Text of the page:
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Four Secrets to Mastering Your Money (Even In A Pandemic) 

Jean Chatzky  |  November 6, 2020

Behavioral finance rockstar Dan Ariely shares tips for saving more, spending less, and controlling your future even in the uncontrollable now. 

Want to understand a little more about how to wrest control of your finances and your future? Spending a little time with Dan Ariely, Chief Behavioral Economist at Qapital and the author of Predictably Irrational is a good place to start. I had the opportunity to do that for a recent Facebook Live. Here’s how he suggested wrapping your arms – and your brain – around your money right now. 

LISTEN: Dan Ariely joined us for an episode of the HerMoney Podcast, and offered up some incredible advice for mastering your spending during the holidays (and for good!) Give it a listen.

Recognize That The Environment Matters

Making good financial decisions are always tough to make because although we make plans for what we want to do with our money – save, invest, etc. – the world has other ideas and those ideas – spend, spend, spend – don’t often sync up with ours.  “We go to the supermarket and we have a plan of what we want to buy, [we may even have a list,]” Ariely explains. “But the supermarket also has a plan, and the supermarket’s plan is not the same as ours, and they can change the environment to get us to do what’s good for them.”  That may include piping in the smell of cinnamon rolls browning in the bakery, or putting the latest iteration of Oreos at eye level.  It absolutely includes all sorts of sales – 10 for $10, BOGO – tactics.  By the way, he notes, these are not just problems we have in the financial arena. Any decision that requires self-control is fair game. So is any decision that offers a reward now against one that doesn’t come until later.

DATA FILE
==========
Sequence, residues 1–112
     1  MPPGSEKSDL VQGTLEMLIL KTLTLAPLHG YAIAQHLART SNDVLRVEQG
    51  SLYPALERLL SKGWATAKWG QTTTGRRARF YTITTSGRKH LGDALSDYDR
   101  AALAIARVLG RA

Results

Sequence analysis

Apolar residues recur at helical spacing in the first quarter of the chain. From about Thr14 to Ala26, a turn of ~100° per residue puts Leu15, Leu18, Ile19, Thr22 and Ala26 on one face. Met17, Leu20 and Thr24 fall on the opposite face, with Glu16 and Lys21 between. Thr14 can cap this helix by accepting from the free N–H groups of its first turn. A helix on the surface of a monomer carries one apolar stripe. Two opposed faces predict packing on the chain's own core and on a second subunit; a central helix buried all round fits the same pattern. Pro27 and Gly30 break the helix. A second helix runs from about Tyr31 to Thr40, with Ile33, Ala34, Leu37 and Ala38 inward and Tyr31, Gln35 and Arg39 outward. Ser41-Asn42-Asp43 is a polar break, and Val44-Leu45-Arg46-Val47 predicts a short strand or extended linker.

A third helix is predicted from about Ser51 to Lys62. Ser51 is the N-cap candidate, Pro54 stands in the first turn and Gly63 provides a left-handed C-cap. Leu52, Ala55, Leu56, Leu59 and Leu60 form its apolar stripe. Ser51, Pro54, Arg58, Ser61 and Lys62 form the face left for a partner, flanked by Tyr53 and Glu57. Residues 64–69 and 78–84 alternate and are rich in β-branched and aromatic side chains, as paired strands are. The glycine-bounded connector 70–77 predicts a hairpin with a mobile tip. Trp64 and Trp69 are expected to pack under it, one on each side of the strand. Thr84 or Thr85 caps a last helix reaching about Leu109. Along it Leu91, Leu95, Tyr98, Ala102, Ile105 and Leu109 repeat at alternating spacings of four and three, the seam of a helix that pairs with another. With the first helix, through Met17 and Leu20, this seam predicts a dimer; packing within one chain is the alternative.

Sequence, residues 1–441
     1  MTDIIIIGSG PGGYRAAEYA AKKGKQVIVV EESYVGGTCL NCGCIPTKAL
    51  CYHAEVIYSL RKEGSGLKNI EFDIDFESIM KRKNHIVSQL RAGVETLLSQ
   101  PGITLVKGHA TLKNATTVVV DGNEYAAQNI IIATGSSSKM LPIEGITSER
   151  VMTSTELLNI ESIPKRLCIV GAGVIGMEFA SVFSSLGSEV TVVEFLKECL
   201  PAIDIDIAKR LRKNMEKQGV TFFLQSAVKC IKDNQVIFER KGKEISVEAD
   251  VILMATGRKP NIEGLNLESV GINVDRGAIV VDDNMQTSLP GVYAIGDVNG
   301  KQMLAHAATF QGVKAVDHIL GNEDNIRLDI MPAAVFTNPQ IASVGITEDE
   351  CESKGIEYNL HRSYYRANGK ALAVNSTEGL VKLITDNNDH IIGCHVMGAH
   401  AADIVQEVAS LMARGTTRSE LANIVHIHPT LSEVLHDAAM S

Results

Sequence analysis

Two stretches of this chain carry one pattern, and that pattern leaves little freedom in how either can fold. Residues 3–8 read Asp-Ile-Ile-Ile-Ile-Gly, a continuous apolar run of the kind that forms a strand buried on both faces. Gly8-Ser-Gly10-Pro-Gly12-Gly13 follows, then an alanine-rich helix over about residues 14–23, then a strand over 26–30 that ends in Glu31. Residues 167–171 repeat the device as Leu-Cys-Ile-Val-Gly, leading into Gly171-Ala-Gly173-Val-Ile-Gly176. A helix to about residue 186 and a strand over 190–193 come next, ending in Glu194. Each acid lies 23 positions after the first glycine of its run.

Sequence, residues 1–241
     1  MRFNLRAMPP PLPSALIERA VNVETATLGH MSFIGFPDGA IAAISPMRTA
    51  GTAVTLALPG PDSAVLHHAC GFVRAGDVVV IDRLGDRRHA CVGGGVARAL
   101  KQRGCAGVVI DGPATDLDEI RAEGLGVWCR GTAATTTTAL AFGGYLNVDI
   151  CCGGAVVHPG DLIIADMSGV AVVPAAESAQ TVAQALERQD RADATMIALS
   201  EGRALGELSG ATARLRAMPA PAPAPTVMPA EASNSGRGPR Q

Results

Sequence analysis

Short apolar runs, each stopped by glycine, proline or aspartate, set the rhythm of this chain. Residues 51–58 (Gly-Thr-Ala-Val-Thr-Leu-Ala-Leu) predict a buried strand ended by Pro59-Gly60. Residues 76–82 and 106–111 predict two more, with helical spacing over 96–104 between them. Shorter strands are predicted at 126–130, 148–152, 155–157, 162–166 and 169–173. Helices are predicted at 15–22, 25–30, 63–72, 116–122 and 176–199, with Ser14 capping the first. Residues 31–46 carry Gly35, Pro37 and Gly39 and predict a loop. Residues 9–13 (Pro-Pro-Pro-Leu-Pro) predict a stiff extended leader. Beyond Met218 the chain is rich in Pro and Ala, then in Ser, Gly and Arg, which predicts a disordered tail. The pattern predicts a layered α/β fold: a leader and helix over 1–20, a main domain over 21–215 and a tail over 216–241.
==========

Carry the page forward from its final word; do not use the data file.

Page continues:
Now, Add A Big Layer Of Stress

So, all of that happens in normal times.  These are not normal times.  These are stressful times.  Stress, Ariely explains, is a catalyst for making decisions that are even worse than normal. Remote schooling and work, adult children who have moved back in, layoffs, salary cuts, fear of getting sick, actually getting sick – every single one of those line items adds to your burden of stress. Research has shown that if you put people into situations where they feel depleted (like the ones we’re living through every day) they feel exhausted from making decisions.  “It’s basically like losing 10 to 15 IQ points,” he says. 

So, What Do You Do? Four Things

Unusual times call for unusual measures. The thing about COVID stress is that it’s a very particular type of stress – it’s stress brought about by uncertainty.  Not only are we in an environment that we don’t control, Ariely says, we’re in an environment that we don’t understand. The most important thing you can do is to try to take some control in the following ways.